Following are the five communities undertaking Phase II projects, award amounts, and brief project descriptions:
Auburn (pop. 3,385)—$350,000 for renovation of buildings in Auburn’s downtown and Courthouse Square. Projects include brick work, painting, and roof repairs, replacement of windows and doors, and façade improvements among others. Examples of historical buildings impacted by the various projects include the Nemaha County Museum, State Theatre, and former Bank Building. The City’s matching contribution is $111,000. Contact Sherry Heskett at 402-274-3420, or firstname.lastname@example.org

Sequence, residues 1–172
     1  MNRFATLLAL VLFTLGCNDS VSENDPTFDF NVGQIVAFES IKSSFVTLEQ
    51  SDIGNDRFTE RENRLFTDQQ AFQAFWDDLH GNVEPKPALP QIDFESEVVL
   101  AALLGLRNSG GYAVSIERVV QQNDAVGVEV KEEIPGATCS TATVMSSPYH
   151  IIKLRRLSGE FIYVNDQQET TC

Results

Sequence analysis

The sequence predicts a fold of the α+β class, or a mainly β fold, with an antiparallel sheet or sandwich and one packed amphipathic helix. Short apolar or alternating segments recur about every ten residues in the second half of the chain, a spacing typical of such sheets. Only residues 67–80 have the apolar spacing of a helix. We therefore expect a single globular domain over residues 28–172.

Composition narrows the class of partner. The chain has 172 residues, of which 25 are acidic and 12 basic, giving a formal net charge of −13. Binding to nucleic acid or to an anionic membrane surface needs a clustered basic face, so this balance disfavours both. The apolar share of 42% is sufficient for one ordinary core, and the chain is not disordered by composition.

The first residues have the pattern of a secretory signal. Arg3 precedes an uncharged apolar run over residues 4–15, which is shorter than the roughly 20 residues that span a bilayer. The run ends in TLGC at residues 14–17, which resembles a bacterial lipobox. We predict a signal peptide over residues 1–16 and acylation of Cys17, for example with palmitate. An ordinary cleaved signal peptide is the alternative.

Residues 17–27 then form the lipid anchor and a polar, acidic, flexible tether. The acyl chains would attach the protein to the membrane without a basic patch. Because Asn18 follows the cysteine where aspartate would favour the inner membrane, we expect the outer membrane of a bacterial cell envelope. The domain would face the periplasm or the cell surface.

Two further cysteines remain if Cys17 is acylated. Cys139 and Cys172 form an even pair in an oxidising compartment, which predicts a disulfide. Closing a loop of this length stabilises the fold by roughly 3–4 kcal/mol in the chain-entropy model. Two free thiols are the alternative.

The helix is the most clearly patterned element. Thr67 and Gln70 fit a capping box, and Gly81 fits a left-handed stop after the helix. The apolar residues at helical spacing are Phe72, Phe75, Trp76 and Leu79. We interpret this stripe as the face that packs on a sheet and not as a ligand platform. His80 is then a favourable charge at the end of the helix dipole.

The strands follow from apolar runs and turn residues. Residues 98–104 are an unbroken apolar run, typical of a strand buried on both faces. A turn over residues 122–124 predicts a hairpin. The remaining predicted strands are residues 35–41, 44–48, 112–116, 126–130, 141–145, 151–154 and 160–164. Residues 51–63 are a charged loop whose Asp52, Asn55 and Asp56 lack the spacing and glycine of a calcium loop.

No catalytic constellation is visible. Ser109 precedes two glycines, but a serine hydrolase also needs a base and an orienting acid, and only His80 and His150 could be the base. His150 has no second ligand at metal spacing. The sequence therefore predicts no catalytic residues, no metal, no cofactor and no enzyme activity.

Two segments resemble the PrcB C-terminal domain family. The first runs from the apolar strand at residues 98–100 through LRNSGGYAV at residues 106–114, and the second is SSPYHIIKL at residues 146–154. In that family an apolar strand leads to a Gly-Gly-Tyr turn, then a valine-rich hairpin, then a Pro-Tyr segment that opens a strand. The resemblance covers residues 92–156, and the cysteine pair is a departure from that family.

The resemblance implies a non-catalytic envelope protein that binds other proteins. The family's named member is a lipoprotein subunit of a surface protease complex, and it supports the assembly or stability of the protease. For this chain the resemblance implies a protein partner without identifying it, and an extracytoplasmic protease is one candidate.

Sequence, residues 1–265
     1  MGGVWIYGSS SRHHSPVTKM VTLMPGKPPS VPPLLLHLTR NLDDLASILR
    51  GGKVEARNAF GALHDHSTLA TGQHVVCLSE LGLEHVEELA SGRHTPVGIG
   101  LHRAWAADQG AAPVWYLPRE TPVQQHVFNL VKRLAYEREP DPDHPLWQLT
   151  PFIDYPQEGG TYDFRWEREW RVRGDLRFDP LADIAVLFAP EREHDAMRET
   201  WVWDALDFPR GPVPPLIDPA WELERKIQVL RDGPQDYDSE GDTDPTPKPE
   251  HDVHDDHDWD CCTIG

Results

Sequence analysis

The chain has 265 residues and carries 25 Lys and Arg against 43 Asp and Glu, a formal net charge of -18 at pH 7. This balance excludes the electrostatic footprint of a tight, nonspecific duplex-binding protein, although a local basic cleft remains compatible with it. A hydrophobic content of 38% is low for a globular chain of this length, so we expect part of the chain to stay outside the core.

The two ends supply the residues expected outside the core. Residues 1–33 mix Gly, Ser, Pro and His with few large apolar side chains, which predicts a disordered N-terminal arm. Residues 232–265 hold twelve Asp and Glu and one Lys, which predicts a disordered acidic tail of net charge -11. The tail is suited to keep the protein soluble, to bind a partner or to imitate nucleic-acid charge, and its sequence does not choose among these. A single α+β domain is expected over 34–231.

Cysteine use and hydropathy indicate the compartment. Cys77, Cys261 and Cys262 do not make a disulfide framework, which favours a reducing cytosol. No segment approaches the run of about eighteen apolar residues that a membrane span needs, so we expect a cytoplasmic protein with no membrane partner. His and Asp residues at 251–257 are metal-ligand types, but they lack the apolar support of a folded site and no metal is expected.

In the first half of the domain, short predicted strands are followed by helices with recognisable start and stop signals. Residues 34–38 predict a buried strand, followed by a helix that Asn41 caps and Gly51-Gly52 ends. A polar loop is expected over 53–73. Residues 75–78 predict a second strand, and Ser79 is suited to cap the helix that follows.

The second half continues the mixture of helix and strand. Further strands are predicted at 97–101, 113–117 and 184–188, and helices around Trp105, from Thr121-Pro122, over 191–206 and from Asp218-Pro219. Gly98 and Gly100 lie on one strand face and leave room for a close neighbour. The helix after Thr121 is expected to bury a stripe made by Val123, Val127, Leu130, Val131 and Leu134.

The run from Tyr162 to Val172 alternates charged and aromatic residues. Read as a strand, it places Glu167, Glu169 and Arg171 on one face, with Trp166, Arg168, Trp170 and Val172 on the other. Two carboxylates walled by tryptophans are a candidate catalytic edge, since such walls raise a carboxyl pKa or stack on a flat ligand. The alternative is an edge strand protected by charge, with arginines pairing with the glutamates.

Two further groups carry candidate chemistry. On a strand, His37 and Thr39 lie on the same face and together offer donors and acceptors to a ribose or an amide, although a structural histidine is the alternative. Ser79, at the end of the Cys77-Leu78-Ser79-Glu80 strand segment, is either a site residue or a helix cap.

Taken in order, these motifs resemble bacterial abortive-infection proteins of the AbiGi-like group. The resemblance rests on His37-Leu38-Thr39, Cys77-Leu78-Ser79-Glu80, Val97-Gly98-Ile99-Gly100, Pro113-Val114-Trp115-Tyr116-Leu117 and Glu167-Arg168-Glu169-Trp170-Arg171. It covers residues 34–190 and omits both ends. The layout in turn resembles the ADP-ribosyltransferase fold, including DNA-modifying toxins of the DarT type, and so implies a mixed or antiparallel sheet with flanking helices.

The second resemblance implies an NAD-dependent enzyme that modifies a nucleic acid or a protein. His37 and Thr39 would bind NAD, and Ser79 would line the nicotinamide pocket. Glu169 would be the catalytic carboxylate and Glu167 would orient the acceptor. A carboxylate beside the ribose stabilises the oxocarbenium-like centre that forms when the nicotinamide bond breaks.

Central City (pop. 2,921)—$350,000 for downtown water mains and sidewalk improvements along Highway 30 from D to B avenues. These downtown blocks are home to a majority of retail stores and businesses. Central City’s downtown water mains are at least 100-years-old and replacing both mains and sidewalks simultaneously is expected to improve safety for pedestrians and increase local commerce. The City’s matching contribution is $112,000. Contact Miles McGinnis at 308-946-3806, or email@example.com .
Falls City (pop. 4,216)—$350,000 for sidewalk, curb, gutter and lighting improvements along Stone Street from 16th to 17th streets in the downtown business district. An additional project includes facade improvements to the Commercial Building. Improvements to downtown Falls City are expected to promote economic growth and provide better overall access to area businesses. The City’s matching contribution is $111,000. Contact Gary Jorn at 402-245-2851, or firstname.lastname@example.org .